Two forensic psychologists on Thursday testified that a man accused of attempted murder and rape in Modesto was faking symptoms of a mental disorder.
Stanislaus Superior Court Judge Thomas Zeff ruled that defendant Pedro Vicente Aguirre is mentally competent to stand trial and reinstated his case. The court has suspended Aguirre’s case three times after the defendant’s mental health came into question.
Zeff scheduled Aguirre’s trial to start Nov. 3. The defendant remains in custody at the Stanislaus County Jail.
Aguirre is accused of beating a Modesto couple before kidnapping and raping their 3-year-old daughter 14 years ago. In previous hearings, the defendant has created disruptions in the courtroom, speaking loudly and incoherently. Zeff has twice removed Aguirre from the courtroom.
In May, a jury found Aguirre competent to stand trial, but his mental health came into question again a month later. The defendant did not create any disruptions during his third mental competency trial. A jury has decided he is competent to stand trial, and Zeff for the second time now has agreed.
Aguirre sat quietly in the courtroom as the two psychologists from Napa State Hospital explained why they believe the defendant was feigning incompetency. The defendant was sent to the facility to restore his competency in late October.
Todd Schirmer, one of the psychologists, said he believes Aguirre was malingering to gain some benefit, for instance avoiding trial on serious charges. He said Aguirre refused to cooperate during evaluation at the hospital, which is a factor in malingering.
He said in court that Aguirre demonstrated a pattern of disorganized and bizarre behavior, almost aggressive, when he was aware that clinical staff were observing him and when they tried to conduct malingering and mental status tests. His behavior was normal when he didn’t know someone was observing him.
Schirmer’s interviews with Aguirre lasted only a few minutes, because Aguirre interrupted his questioning, walked away or would stand and yell, disrupting the meeting. The psychologist testified there is no indication Aguirre has cognitive difficulties.
“It is my opinion that he is competent to stand trial,” Schirmer testified.
The defendant was at the state hospital for six weeks, and he was interviewed by clinical staff about two hours each week. He was observed by staff an additional two hours each week.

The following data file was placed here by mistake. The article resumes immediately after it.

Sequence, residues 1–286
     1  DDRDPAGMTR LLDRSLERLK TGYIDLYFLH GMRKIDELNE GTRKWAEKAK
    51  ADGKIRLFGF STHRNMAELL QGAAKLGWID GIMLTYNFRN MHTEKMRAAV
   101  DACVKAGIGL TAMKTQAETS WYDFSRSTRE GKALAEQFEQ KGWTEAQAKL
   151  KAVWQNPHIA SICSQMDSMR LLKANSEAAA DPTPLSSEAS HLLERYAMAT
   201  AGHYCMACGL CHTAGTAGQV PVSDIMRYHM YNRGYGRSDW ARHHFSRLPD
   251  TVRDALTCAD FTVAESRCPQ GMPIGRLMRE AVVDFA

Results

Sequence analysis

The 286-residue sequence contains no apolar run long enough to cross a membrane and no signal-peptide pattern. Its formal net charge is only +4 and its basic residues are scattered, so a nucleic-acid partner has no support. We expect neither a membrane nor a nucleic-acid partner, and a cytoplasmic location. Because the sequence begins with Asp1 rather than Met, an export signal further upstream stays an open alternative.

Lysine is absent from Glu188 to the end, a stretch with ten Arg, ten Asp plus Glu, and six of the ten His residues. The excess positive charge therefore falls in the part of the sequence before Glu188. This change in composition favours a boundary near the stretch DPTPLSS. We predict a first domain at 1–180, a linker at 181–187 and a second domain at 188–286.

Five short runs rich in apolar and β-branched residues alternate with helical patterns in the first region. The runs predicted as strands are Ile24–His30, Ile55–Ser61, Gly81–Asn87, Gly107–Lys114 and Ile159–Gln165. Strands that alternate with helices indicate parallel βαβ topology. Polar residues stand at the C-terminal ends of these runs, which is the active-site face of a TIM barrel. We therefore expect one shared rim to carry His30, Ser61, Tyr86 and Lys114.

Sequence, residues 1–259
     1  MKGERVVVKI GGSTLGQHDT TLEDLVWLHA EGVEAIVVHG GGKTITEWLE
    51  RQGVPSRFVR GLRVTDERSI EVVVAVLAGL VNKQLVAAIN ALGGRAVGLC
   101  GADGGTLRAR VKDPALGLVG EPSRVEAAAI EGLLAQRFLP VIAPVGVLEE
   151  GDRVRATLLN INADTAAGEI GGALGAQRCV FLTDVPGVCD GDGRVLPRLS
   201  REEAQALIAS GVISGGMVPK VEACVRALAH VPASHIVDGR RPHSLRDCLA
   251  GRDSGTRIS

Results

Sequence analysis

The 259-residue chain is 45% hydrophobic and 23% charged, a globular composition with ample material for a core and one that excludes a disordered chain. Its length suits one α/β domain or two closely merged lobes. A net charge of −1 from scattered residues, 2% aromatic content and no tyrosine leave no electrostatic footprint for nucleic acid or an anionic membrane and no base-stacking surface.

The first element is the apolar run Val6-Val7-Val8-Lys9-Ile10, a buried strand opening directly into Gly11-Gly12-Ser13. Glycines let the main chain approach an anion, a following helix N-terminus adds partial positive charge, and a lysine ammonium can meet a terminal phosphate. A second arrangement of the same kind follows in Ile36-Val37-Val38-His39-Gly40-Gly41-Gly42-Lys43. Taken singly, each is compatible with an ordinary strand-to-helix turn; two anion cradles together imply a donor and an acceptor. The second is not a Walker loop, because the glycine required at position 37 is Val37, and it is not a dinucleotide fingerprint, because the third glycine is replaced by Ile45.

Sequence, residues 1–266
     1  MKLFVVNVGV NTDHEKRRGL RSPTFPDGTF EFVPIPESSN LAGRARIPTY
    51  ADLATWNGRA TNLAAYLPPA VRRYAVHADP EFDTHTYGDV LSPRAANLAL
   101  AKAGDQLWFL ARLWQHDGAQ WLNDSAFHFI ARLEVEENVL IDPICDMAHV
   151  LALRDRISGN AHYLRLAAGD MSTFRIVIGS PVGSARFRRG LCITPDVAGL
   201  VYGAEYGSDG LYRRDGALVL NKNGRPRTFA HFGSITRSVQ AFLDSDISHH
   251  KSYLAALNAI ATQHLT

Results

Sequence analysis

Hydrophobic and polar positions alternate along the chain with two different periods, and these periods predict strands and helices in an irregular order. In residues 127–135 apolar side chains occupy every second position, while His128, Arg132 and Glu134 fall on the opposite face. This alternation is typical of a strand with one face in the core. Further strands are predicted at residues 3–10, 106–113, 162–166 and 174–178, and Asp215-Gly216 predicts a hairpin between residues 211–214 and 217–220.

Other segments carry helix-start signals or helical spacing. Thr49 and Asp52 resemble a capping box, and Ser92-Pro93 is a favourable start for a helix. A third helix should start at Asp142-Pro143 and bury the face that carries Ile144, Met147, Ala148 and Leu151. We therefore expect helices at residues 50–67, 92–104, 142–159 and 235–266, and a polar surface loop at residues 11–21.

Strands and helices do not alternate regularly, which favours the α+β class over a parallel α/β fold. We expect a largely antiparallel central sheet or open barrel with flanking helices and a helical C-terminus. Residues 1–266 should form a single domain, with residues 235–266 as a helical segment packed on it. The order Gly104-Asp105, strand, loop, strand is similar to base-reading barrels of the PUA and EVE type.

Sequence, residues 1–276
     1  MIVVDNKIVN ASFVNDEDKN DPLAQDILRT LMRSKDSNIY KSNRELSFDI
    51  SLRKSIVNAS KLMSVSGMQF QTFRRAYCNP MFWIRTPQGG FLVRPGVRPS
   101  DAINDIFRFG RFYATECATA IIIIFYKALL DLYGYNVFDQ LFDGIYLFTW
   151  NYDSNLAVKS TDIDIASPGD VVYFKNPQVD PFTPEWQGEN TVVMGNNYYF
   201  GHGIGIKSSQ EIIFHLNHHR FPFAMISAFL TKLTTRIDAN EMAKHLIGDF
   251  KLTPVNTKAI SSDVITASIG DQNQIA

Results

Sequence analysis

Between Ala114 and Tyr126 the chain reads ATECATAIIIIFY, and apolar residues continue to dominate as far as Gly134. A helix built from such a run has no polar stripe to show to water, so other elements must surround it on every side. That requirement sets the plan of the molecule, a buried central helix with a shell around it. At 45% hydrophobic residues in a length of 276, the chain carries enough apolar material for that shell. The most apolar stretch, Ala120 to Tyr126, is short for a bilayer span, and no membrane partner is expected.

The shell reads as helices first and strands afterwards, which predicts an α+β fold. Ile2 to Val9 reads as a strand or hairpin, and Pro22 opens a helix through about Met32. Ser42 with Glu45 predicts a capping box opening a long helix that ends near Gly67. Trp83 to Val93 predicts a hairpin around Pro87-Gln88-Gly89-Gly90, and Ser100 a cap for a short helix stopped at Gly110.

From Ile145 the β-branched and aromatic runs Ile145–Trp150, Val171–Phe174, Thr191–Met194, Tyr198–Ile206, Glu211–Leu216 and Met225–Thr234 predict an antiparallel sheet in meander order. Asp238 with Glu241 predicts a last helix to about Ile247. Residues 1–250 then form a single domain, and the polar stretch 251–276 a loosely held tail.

Julia Whitacre, the other psychologist who evaluated Aguirre, said he spoke coherently and didn’t exhibit any bizarre behavior when he interacted with other patients at the hospital. When he knew staff was watching him, he was seen eating leaves in the courtyard. During one group meeting, Aguirre bounced around the room waving his arms.
Once the questions moved to his case and his charges, Whitacre said Aguirre would become uncooperative with her and refuse to answer questions. He once responded to her by saying, “Why are you talking to me like a DA? Why are you questioning me like a DA?” Whitacre testified that showed her he had some understanding of the court procedures and the roles of court officials.
She said they ruled out that Aguirre was suffering from a psychotic disorder. Whitacre testified that Aguirre did exhibit some symptoms, but “I did not believe them to be true.”
Peter Stavrianoudakis, Aguirre’s attorney, has argued in court that his client suffers from mental illness and is not able to communicate coherently and assist in his defense.
Deputy District Attorney Annette Rees has said in court that a forensic psychologist has examined Aguirre and found no indication the defendant suffers from a severe mental disorder.
Aguirre is charged with two counts of attempted murder, forcible aggravated sexual assault of a minor, kidnapping to commit rape, committing a forcible lewd act on a child younger than 14, burglary and child endangerment.
The child endangerment charge stems from the fact that the couple’s 7-year-old boy was in the home when the attack on his parents occurred.
In a May 2012 preliminary hearing, the prosecutor said Aguirre forced his way into the family’s home in the 1600 block of Imperial Avenue about 8 a.m. Oct. 24, 1999.
Rees argued that Aguirre beat the 34-year-old father and 26-year-old mother with a tire iron before grabbing their daughter and running away. The girl was sexually assaulted in a nearby orchard, authorities have testified, and two witnesses stopped the assault and chased away the assailant.
The parents later were released from the hospital after being treated for major blunt-force head trauma. The girl required surgery.
Stavrianoudakis argued in the preliminary hearing that the prosecution presented conflicting testimony linking his client to the attack, the kidnapping and the sexual assault.